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I am trying to determine if it is feasible to use an op-amp to interface a button 25 meters away. A user suggested this solution to me and im trying to explore it. He suggested to use a differential configuration to protect against common mode transients and false button presses. I tried recreating the circuit in proteus for simulation but i am getting weird results, i do not know if its proteus that is wrong or if its actually correct.

enter image description here

The circuit supposedly outputs 5v if a button is not pressed and 0v if the button is pressed

I am using a generic simulation model for the op amp. Notice the oscilloscope reading at the start you see a flat line at the beginning that is 0v. When a button is pressed it dips down to a - 5v but the voltmeter on the output will show 0v (not -5v like the oscilloscope). When button is released it shoots up to 2.5 volts and gradually go to 0v, but the voltmeter will read 5v, notice the leading point of the line where it is near zero but the voltmeter is at 5v?

Which one do i believe? Have i missed something? I have checked the schematic and it seems to match from other sources (example). The actual op-amp i plan to use is this.can i actually expect the proper voltages (0v and 5v) on the output of the op-amp in reality?

here is the op-amp property the one used above. I have actually tried using a model of an actual IC and the behaivor is the same where i am getting negative voltages on button press.

enter image description here

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  • \$\begingroup\$ You may want to reconsider a switch with bounce time and choose a filtered debounce time to prevent bounce and improve on noise immunity. Such as an RC filter with a logic device with a Schmitt trigger input such as '14 family \$\endgroup\$ Jul 11, 2020 at 19:59

2 Answers 2

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The reason is that the yellow channel in the scope is AC coupled. Set it to DC coupled.

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  • \$\begingroup\$ This fixed it ! But why though? aint AC coupling better than DC? \$\endgroup\$
    – Jake quin
    Jul 12, 2020 at 7:02
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    \$\begingroup\$ Well it depends on the definition of better, and since you expect to see a DC signal then DC coupling is better. AC coupling will remove DC voltage so everything that is DC will get removed and the signal slowly drifts to 0V which you did not seem to want. \$\endgroup\$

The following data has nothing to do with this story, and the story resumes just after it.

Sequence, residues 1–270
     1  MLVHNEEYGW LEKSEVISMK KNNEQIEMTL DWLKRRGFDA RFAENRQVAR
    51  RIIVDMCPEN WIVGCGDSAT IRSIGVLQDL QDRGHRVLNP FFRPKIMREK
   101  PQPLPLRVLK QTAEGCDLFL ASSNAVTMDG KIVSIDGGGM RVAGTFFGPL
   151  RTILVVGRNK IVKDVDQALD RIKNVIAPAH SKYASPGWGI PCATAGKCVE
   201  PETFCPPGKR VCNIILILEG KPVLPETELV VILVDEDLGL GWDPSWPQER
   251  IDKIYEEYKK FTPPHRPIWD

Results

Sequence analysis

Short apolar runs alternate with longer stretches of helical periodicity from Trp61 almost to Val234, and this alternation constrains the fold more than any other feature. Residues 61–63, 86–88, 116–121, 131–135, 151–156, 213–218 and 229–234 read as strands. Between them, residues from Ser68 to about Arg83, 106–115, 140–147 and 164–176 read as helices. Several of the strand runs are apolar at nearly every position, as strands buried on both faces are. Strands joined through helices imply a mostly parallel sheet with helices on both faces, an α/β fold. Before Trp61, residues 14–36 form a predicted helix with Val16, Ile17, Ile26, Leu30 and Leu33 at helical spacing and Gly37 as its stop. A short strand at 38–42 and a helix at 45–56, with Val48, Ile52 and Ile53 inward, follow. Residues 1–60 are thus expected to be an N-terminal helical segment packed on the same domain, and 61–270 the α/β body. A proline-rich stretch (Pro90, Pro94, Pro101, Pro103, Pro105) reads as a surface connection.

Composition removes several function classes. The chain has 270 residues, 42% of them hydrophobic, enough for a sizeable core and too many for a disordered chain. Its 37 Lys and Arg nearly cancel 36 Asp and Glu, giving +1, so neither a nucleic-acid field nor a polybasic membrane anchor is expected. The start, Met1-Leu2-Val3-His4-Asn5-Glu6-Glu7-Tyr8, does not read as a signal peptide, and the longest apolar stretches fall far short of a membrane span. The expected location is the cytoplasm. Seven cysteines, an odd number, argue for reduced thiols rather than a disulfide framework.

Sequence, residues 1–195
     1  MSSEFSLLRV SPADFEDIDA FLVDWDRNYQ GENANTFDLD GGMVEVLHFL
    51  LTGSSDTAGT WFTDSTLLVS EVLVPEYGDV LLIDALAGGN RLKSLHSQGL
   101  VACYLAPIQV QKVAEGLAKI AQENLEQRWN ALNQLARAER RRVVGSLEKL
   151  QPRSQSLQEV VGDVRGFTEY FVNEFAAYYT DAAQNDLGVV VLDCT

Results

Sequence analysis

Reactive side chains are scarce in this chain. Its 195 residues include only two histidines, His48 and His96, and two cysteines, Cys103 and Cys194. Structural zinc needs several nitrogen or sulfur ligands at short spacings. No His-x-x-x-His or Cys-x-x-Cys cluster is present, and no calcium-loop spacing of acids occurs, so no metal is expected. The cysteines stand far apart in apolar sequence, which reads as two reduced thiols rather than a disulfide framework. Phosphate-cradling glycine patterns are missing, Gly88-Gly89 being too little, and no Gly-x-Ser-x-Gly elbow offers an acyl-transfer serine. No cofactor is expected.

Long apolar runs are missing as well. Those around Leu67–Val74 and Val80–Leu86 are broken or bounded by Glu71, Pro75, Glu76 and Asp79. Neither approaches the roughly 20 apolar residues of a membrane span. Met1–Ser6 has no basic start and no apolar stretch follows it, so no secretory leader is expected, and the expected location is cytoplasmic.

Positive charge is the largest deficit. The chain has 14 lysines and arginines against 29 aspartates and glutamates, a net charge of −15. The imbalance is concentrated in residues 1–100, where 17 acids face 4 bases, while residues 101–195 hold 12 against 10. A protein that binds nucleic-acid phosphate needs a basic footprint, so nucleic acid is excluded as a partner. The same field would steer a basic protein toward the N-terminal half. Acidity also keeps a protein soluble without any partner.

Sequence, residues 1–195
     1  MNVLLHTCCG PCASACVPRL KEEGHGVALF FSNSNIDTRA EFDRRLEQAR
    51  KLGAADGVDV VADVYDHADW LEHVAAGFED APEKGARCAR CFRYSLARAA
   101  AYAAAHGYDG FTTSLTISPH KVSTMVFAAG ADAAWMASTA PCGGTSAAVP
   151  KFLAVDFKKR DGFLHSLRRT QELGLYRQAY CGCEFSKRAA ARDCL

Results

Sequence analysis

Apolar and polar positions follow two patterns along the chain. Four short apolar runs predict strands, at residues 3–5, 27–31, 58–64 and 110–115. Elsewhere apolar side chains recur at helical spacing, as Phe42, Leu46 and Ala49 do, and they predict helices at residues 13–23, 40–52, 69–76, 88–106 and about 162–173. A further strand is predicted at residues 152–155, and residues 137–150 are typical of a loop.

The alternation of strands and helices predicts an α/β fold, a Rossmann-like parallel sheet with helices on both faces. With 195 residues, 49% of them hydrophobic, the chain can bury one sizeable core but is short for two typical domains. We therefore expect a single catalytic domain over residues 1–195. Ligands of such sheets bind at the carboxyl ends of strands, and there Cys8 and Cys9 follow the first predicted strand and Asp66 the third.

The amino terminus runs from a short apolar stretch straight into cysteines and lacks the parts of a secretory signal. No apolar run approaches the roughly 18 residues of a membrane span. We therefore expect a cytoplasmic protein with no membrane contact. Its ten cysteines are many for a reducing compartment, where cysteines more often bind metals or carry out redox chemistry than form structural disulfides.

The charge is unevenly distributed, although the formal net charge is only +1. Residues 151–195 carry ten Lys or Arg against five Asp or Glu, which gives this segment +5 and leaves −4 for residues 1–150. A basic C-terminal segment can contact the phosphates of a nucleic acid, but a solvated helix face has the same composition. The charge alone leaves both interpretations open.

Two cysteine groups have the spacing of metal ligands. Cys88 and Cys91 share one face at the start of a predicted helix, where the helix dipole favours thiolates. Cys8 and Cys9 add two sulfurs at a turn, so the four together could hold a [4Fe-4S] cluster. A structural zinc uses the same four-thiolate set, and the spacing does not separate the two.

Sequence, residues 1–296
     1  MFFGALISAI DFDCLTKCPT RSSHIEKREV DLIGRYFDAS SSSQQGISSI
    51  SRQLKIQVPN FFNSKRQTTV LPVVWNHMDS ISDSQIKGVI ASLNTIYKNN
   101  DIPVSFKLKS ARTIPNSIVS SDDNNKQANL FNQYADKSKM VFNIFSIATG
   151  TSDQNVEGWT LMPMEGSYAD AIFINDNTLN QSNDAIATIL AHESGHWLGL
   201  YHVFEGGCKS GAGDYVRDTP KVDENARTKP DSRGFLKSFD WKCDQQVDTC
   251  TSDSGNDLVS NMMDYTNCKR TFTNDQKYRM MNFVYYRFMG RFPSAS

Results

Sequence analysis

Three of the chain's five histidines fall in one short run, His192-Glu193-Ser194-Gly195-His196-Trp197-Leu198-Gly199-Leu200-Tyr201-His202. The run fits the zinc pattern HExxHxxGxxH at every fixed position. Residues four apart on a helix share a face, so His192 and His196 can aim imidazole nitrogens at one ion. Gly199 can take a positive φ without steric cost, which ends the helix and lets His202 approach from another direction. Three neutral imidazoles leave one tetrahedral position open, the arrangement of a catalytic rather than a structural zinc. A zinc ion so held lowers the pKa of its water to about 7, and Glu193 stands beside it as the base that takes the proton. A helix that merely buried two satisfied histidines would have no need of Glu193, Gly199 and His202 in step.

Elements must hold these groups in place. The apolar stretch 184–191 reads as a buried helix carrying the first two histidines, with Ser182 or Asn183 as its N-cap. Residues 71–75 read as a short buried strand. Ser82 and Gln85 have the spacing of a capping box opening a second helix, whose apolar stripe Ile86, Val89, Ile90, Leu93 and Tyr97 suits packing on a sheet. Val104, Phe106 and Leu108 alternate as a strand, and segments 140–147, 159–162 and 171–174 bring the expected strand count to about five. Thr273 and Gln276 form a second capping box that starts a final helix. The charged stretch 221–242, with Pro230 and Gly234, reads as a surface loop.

– Justme
    Jul 12, 2020 at 7:21
  • \$\begingroup\$ if a GPIO was connected on that output though what would that GPIO see? intuitively speaking it would be the DC signal but if the AC coupling sees a negative voltage wouldnt that also mean the GPIO is experiencing negative voltage? \$\endgroup\$
    – Jake quin
    Jul 12, 2020 at 14:58
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    \$\begingroup\$ It would see the DC coupled voltage. Unless you add AC coupling yourself. \$\endgroup\$
    – Justme
    Jul 12, 2020 at 15:05
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A better solution is to use logic 74HC14 Schmitt Inverter ( and use correct scope settings )

enter image description here

  • 10k is to current limit charge transfer
  • 100k 0.1uF is to prevent false trigger from 10 ms bounce example.
  • twisted pair is about 60pF/m, coax ~ 90 pf/m
    • With cap removed. enter image description here
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  • \$\begingroup\$ Thank you for offering another solution , which i think is much better since it requires less components than the one i currently looking. I do apologize i cant accept it as an answer because the question is about why i am getting the negative voltage. If you dont mind me asking though, I noticed that button debounce IC's such as the max6818 uses a d-flipflop rather than using this method. Is there a reason for that the schmitt trigger is not used? \$\endgroup\$
    – Jake quin
    Jul 12, 2020 at 14:54
  • \$\begingroup\$ Simplicity , cost , availability but both are ok. \$\endgroup\$ Jul 12, 2020 at 14:58
  • \$\begingroup\$ I know its been a while to ask but would there be problems if an ordinary wire is used( not twisted pair/ coax). On the simulation i adjusted the capacitance to a bit higher value and it still would work great, and on my circuit i placed TVS diodes before the 10k to suppress some induce currents or voltages \$\endgroup\$
    – Jake quin
    Jul 26, 2020 at 19:33

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